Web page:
The lack of lights surprised me (which was probably pretty naive), but that’s why it’s magical. Candles provide enough light for it to feel authentic, but also practical enough to be able to look in the mirror and check I didn’t have mascara half way across my face before leaving each morning.

To be fair I don’t think any description would do this place justice. With this in mind I’m going to let the pictures do the talking. It’s worth adding that breakfast is included which is served in the converted rock church. Breakfast is traditional of the region and was taken in front of a roaring fire – again another win for a November trip! (Ps. sorry about the breakfast picture, I got carried away and pretty much finished it before taking them!).

How do I get to Matera?

Getting to Matera isn’t too difficult. We flew with Ryanair on the Thursday night flight arriving into Bari late evening. On arrival we chose to stay in Bari in an Airbnb for the night. (A cosy upstairs bedroom of an old Italian lady). As we were going all out on the hotel so really saved on transport. We got the train from Bari airport to the centre and arrived in time for dinner. The next day we got a train direct to Matera and passed through wonderful countryside. (Note that the train splits in two so check you’re in the right part!)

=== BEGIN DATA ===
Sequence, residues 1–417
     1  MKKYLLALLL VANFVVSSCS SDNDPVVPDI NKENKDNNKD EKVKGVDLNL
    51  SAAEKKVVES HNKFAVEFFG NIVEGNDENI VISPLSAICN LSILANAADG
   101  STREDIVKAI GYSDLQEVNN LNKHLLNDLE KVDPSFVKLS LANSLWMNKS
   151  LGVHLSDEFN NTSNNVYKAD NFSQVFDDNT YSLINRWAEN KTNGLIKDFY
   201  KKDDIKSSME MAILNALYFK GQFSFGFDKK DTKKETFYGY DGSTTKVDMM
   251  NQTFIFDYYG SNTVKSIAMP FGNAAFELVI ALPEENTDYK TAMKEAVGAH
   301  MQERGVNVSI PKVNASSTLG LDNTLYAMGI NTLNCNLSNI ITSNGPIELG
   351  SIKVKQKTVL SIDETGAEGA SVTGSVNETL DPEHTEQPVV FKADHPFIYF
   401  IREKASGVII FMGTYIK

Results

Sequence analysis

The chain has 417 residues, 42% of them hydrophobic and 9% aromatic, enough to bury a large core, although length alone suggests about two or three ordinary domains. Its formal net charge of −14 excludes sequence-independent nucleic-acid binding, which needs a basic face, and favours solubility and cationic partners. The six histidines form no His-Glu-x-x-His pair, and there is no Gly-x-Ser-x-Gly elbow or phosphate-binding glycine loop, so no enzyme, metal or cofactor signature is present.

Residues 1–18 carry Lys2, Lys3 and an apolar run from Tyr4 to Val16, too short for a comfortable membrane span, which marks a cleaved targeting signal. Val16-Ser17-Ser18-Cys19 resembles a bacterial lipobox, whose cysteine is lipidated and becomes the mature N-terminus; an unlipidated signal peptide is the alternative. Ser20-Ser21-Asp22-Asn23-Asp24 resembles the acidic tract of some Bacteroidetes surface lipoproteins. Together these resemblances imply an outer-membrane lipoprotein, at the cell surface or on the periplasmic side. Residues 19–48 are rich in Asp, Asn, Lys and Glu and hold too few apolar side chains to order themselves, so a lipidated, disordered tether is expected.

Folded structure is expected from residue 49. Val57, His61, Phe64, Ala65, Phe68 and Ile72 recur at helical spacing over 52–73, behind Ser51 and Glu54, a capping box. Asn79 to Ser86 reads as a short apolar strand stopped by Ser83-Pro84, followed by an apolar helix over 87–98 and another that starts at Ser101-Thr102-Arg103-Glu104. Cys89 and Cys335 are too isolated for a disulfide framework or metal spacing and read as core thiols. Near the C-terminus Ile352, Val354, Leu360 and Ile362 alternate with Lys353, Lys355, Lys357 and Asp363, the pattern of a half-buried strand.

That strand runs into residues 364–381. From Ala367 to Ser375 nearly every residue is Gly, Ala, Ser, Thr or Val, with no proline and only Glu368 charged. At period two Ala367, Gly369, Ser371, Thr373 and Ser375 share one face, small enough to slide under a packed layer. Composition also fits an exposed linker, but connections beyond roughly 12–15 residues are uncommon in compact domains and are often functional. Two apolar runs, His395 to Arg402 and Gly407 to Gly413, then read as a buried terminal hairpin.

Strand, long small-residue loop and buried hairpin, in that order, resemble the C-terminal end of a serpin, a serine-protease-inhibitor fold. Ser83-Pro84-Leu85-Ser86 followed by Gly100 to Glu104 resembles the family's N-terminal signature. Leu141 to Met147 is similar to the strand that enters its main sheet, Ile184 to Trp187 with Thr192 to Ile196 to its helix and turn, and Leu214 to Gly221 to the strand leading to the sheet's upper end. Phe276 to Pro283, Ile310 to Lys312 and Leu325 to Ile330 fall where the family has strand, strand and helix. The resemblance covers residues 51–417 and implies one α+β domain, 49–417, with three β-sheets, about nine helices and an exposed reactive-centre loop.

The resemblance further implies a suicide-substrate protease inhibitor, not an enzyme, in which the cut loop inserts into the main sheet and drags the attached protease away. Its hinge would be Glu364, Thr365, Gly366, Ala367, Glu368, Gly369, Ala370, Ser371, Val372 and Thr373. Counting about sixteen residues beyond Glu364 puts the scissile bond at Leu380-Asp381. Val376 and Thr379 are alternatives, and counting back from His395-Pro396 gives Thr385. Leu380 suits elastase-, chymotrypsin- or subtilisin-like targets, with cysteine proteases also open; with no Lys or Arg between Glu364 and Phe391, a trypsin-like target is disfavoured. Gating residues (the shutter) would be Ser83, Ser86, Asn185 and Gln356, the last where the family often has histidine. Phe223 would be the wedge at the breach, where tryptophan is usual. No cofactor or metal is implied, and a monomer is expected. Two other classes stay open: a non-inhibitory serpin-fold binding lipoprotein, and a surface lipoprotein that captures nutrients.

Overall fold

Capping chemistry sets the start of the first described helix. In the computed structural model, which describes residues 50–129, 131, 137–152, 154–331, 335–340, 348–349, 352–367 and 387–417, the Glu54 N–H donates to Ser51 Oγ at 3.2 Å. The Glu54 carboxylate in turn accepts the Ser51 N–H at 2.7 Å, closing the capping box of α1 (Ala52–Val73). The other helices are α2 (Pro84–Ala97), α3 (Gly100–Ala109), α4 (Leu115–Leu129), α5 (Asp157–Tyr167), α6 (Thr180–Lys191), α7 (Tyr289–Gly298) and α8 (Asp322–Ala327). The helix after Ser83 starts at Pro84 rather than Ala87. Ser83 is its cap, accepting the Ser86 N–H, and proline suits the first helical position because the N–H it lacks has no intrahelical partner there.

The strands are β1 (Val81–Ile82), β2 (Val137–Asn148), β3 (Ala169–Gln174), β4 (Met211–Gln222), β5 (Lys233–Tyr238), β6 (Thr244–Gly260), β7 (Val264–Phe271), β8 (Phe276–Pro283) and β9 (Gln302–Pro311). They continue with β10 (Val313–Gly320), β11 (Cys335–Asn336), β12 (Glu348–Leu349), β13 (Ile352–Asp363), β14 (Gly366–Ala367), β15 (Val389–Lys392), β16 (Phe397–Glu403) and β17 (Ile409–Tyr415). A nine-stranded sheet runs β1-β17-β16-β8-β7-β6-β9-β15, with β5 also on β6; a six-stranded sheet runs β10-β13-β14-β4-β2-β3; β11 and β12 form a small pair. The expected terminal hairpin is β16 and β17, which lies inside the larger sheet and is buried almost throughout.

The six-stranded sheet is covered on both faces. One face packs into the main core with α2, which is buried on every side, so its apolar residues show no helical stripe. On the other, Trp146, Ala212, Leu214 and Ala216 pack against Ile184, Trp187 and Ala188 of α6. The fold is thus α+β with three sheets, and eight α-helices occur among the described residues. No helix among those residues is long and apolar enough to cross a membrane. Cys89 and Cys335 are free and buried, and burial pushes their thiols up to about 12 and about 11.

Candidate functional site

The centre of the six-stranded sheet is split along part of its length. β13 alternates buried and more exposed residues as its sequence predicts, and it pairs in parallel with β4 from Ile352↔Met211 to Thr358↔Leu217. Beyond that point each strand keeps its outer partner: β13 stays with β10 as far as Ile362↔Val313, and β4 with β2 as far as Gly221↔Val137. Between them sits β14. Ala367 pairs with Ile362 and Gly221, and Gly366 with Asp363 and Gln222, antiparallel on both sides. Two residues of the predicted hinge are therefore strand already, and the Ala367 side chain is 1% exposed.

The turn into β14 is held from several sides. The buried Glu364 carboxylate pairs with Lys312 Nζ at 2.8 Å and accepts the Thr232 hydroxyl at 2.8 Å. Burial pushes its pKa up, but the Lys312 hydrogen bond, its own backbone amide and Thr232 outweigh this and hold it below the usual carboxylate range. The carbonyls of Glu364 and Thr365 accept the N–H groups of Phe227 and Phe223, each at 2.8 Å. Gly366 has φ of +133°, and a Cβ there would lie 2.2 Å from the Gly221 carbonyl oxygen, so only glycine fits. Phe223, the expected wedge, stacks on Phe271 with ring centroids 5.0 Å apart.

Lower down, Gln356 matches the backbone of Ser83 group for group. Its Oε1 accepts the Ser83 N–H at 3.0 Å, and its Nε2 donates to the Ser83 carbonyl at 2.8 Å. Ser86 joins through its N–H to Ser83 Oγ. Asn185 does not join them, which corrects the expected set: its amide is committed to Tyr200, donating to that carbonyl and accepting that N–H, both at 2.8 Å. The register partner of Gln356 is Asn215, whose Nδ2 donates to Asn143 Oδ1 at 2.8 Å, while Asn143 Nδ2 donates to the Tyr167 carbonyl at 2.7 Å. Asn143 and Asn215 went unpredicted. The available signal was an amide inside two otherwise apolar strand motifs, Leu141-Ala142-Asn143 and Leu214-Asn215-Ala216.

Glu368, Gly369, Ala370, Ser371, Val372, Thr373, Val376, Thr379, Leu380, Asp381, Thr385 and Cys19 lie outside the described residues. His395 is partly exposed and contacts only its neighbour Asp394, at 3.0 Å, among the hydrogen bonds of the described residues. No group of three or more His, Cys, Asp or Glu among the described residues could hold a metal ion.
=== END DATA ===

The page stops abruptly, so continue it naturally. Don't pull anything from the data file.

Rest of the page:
Word of warning on arriving in Matera – I would not recommend walking from the station to the hotel like we did. To say Matera is a hilly maze is an understatement. On the way back we mixed it up and got the bus rather than the train which went direct to the airport which was also great. 

How many days/nights do you need in Matera?

We were out of holiday so could only do a long weekend. This is fine if you are happy to get out and about and explore each day. If I had extra days I would definitely consider exploring other areas too. I’d love to go back so will be doing further research but initial suggestions would be pairing it with some of the towns in Puglia next door. Ostuni, Alberobello and Lecce are on my list. This area of Italy might not get the same level of attention or publicity as your Amalfi coast, the Lakes, and the cities of Rome and Venice, but it has so much to offer.